John McCain once again voiced his opposition to the Obamacare repeal

The senator’s vote highlights the need for unity in finding a healthcare solution.

More stories from Nicole Bellford



Republican Senator John McCain plans to vote against his own party once again in their efforts to repeal the ACA.

All eyes were on Senator John McCain this summer as he voted “thumbs down” in the conservative effort to repeal the Affordable Care Act (ACA), leaving the Republican Senate once again unsuccessful in bidding farewell to Obamacare.

Months later, it looks as though history will repeat itself.

According to the New York Times, McCain has again voiced his opposition to the Senate’s latest proposal to repeal the ACA, leaving Republicans scrambling for enough votes to be successful. The Senator said he could not, “in good conscience,” vote in favor of the repeal.

McCain issued a statement emphasizing his desire for both political parties to work together in crafting a proper health care program rather than battling against one another.

“I believe we could do better working together, Republicans and Democrats, and have not yet really tried,” McCain said. “Nor could I support it without knowing how much it will cost, how it will affect insurance premiums and how many people will be helped or hurt by it.”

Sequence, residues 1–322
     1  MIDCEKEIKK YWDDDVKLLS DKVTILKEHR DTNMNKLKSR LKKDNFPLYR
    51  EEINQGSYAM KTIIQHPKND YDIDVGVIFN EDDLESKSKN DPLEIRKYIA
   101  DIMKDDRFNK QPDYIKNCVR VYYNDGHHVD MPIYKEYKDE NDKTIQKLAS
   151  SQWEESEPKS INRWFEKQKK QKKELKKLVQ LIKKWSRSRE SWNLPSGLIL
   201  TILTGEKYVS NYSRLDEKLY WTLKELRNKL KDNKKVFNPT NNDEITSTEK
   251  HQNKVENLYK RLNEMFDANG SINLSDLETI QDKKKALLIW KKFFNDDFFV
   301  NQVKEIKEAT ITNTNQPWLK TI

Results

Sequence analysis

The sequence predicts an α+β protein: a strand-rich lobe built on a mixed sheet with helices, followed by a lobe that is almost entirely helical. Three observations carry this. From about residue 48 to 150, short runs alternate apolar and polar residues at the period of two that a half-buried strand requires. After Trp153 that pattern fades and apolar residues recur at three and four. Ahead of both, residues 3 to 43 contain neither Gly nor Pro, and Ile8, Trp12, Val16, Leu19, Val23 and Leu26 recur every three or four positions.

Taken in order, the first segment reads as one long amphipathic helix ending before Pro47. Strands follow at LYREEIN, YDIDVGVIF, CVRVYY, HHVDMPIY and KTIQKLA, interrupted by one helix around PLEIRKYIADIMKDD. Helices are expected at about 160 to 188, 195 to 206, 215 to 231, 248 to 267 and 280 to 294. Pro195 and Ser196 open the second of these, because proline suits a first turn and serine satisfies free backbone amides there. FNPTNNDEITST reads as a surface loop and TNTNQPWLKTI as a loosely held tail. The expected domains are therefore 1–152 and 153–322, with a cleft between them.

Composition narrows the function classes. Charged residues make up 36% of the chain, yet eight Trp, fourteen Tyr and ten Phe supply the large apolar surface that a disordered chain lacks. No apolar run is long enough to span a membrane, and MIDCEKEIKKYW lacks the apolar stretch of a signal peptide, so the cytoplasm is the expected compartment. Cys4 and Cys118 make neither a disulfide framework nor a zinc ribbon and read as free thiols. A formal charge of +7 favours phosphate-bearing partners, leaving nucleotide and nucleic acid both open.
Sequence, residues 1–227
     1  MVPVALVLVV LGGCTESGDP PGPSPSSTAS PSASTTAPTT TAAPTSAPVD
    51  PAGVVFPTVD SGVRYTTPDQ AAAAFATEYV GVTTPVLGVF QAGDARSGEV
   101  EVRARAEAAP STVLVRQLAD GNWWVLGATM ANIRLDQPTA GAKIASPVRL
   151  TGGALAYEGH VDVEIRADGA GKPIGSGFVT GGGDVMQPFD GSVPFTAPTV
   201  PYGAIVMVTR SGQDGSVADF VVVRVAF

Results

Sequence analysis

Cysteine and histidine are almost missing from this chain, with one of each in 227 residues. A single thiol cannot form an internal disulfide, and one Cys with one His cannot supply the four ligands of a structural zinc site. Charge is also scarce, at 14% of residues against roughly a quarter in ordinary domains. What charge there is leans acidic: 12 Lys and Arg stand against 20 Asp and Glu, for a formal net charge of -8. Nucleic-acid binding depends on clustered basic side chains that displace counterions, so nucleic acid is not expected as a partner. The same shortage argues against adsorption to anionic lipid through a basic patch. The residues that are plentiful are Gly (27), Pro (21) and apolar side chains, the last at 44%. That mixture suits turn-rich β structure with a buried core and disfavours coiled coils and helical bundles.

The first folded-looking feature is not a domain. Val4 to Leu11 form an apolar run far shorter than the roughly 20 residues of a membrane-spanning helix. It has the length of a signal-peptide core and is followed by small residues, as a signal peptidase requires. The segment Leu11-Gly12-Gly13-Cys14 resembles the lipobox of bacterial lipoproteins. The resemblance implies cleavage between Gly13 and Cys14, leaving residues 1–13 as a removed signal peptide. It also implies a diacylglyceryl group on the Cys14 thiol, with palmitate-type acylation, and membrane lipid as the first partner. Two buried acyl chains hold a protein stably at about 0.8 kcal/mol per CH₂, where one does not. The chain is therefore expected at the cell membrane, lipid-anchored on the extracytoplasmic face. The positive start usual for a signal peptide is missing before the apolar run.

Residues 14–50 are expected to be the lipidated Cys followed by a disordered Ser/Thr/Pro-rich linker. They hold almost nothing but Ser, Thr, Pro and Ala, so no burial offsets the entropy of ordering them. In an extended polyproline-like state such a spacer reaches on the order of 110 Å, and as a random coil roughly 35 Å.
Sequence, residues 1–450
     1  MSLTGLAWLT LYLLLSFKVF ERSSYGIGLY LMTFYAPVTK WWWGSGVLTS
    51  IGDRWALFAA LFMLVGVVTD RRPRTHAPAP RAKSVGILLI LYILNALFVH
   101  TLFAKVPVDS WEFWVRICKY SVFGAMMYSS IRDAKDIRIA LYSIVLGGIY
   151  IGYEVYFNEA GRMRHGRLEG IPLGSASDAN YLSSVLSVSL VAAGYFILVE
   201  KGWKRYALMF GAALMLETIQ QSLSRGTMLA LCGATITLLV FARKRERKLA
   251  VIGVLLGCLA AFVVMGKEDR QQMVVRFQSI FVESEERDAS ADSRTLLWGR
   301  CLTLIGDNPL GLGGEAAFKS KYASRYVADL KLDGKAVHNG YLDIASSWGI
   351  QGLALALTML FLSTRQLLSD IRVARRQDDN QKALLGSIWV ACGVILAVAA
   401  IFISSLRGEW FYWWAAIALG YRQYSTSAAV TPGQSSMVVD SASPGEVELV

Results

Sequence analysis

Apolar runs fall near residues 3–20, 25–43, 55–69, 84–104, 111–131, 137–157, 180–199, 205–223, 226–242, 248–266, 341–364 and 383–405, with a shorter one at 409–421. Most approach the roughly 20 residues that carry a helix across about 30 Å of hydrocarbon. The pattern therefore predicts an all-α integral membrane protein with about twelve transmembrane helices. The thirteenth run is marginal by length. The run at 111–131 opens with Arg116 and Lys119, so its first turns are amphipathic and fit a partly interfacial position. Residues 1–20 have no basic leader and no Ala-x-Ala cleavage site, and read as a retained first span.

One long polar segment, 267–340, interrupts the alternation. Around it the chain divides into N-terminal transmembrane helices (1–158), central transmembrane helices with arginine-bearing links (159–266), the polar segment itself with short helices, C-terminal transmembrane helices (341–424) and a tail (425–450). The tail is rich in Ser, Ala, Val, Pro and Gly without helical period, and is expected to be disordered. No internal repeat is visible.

Although I have not always agreed with Mr. McCain’s political ideas, I am both impressed and proud of the senator’s efforts to find a solution to the American health care crisis that is beneficial to both parties and helpful to all citizens, regardless of political affiliation or social class.

What people need to understand about McCain’s opposition vote is what it actually means. He is not saying he supports Obamacare. The senator is saying he will not stand for the Republicans utilizing the health care vote as a battle grounds for making a statement to Democrats.

This vote isn’t about “fighting back” or “revenge.” It should be about finding an impactful solution and making sure as many Americans as possible have access to proper care.

“We should not be content to pass healthcare legislation on a party-line basis, as Democrats did when they rammed Obamacare through Congress in 2009,” McCain said. “If we do so, our success could be as short-lived as theirs when the political winds shift, as they regularly do.”

McCain couldn’t be more correct. The events of Obamacare left the nation torn apart and in utter disagreement on how to best address health care. If this repeal passes, it will simply prove our nation has not grown or learned from our mistakes in the past decade.

We cannot repeal the current health care program without crafting a solution to this political divide. Trumpcare is not the solution, but merely the continuation of an argument that will not dissipate until both parties move past their pride and work together for the sake of the American people.

It is time for the White House to make a statement of unity rather than division. Health care revisions must no longer be associated with conservative or liberal ideals, but rather American ideals.

McCain has it right. When our nation can move past the unnecessary political labeling and join hands in fighting for the rights of all citizens, we will have success. One can only hope more politicians will reach the same revelation.